4. […] as measure of country well-being and progress is ludicrous. As explained in my March 2011 blog, “5 Reasons Why a GPI [Genuine Progress Indicator] Should Replace the GDP,” the GDP measures the wrong things and ignores the right things. The bonus from investing in […]

  5. Bob Willard says:

    Mike, when you say that people who are affected by the layoffs from automation should be helped, I think you are agreeing that there could be more unemployment as GDP rises. I assume that the assistance for unemployed is provided by government with our tax dollars, so we are paying for the GDP increase. I’m not sure that is a good thing. Also, when you say that we should celebrate a shorter work week from the productivity gains that automation gives, it assumes that we have the same earning power despite a shorter work week. That’s a pretty big assumption. Bob

  6. Mike says:

    Number 2 is silly. Is there greater unemployment in the countries that have the greatest GDP? Or GDP growth? Or GDP per capita? Of course not. So if you write “The GDP encourages layoffs”, then you must also write that “The GDP encourages hiring”. Or the GDP encourages employee turnover. OK. But that is different. Automation is a good thing. We should aim to produce the things we want with the minimum amount of tedious work. Those people who are affected by the layoffs should then be helped. And our work week should decrease according to the productivity gains that automation gives.

  7. […] growth. Many economists and social scientists are proposing such indicators. Some argue we need a “genuine progress indicator”, which would include environmental and social factors as well as economic wealth. A number of […]

  8. Bob Willard says:

    Mojgan, you best approach is do a Google or Wikipedia search on “GPD” or “investments in GDP.” Those sources will be helpful than I can be. Best wishes. Bob

  9. Mojgan says:

    Hi, I am student of economics , I am working on an alternative for GDP. I need the tiny components of GDP , for example how Investment is calculated in a country, which company are included in GDP and how much. How can I find that?
    Who write a rule for the nations?
    Thank you so much

  10. […] 5.  Willard, B. (march 8, 2011). Five Reasons Why a GPI Should Replace GDP. Retrieved on April 29, 2011 from <; […]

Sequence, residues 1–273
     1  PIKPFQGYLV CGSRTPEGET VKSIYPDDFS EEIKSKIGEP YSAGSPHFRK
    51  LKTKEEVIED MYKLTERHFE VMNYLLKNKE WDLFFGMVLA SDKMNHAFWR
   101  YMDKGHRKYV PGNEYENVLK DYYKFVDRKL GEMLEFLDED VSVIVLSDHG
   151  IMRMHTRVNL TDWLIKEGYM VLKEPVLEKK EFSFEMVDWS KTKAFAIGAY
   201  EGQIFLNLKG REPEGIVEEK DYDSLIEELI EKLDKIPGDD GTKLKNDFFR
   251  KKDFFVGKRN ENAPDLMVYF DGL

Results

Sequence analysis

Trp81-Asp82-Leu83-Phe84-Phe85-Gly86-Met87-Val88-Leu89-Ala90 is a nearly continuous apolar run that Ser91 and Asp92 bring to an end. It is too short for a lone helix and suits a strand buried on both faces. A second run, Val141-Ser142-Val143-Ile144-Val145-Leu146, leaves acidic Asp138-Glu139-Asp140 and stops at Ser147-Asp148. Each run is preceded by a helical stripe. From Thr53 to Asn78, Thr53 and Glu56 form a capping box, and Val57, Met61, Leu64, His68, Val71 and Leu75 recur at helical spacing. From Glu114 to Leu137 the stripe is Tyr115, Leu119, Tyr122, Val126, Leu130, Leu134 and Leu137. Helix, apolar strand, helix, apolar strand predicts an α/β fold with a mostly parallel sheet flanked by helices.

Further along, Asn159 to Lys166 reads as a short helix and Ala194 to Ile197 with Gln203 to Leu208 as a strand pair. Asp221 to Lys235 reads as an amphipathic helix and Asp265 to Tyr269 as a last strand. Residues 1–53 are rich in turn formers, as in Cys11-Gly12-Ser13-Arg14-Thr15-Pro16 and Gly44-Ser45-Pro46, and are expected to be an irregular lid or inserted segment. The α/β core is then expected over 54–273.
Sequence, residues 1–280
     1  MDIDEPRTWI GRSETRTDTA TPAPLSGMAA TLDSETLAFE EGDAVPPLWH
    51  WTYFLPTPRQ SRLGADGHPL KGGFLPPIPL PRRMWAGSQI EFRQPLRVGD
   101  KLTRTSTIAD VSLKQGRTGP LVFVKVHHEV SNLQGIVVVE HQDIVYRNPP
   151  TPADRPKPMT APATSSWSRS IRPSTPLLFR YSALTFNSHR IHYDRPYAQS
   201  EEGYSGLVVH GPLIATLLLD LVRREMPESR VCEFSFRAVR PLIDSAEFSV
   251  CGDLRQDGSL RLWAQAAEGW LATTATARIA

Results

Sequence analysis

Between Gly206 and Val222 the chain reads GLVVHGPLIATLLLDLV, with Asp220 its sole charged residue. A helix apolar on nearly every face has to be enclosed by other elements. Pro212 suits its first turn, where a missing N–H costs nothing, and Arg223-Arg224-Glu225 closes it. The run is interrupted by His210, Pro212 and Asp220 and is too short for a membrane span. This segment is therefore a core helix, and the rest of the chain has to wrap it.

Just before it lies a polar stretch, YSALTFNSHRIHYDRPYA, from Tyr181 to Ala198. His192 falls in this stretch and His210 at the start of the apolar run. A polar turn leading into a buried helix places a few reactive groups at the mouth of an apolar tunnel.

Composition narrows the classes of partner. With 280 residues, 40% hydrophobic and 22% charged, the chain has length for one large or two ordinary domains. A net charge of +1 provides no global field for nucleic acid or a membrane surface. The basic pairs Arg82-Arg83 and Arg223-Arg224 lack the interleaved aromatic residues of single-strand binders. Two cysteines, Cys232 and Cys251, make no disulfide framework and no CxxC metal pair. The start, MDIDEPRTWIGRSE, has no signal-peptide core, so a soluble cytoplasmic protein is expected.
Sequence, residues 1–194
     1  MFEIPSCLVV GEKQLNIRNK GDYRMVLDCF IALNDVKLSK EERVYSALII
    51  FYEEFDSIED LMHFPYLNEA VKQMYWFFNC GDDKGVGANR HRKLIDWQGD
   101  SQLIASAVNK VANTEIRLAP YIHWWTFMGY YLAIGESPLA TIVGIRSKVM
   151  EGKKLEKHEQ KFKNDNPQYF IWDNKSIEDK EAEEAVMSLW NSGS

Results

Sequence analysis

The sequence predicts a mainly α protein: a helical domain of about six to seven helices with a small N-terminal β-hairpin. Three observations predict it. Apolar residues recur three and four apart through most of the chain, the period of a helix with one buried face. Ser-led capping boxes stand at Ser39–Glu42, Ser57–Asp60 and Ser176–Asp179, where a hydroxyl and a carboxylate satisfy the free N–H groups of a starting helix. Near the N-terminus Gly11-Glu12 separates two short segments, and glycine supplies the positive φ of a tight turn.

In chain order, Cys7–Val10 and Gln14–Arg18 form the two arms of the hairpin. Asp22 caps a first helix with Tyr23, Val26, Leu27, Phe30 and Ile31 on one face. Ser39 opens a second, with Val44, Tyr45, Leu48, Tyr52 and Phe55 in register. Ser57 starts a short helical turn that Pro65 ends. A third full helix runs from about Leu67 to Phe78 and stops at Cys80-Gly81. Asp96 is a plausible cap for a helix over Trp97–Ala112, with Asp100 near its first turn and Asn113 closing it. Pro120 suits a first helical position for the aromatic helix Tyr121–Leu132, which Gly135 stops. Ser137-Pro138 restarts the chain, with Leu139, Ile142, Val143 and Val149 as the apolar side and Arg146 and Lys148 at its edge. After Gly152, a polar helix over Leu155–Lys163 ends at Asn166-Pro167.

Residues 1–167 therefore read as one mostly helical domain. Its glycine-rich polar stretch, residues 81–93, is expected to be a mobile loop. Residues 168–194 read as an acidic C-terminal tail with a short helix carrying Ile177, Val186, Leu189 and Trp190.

11. Bob Willard says:

    Marc, it will be interesting to learn whether you find an appetite for a GPI-like metric in China. We need to level the playing field or start a new game. It’s tough for a company to unilaterally start to internalize its externalities without doing itself serious damage in the eyes of its current investors. That’s why we need regulatory bodies to require all corporations to account for their carbon footprint externalities, their natural resource depletion externalities, their societal impact externalities, etc. Or companies can amend their charters or use new ones to set themselves up with new purposes that attract different investors who are looking for more responsible companies, as described in my new blog posted today.


  12. Marc Major says:

    Hi Bob
    Great thoughts, as always … we've been thinking these things for awhile, and are wondering why our leaders still don't get it … we're doing a bit of research into a movement in this direction among certain provinces in China.  Will let you know what we find. 
    I'm also pondering what kind of company-level accounting changes could reduce externalities and other situations where optimizing a part of a system suboptimizes the performance of the whole — I've seen this occur both between companies and society, and between divisions within companies. 

  13. Bob Willard says:

    Thanks for your kind feedback, Vanessa. Thanks for the idea of exploring what a corporate-level GPI might look like. I think I’ll do that in my next blog. There are some good things going on that support the idea.


  14. Vanessa says:

    Thanks for the great article Bob! This is such an important issue and highlights why our political focus on GDP and 'the economy' to the exclusion of all else is taking Canada down the wrong path.
    I've often wondered what it would look like it a corporation defined 'best interests of the shareholder' as more than monetary. How would they operate if they followed a GPI instead of maximizing profits.
    Totally sharing this article around. :-)

  15. Bob Willard says:

    Thanks, Geoff. The Maryland GPI website looks like an excellent resource. Good for them!


  16. Geoff Stack says:

    The State of Maryland is experimenting with GPI – mostly just gathering data for now, but it will be interesting to watch how it evolves…
    Geoff Stack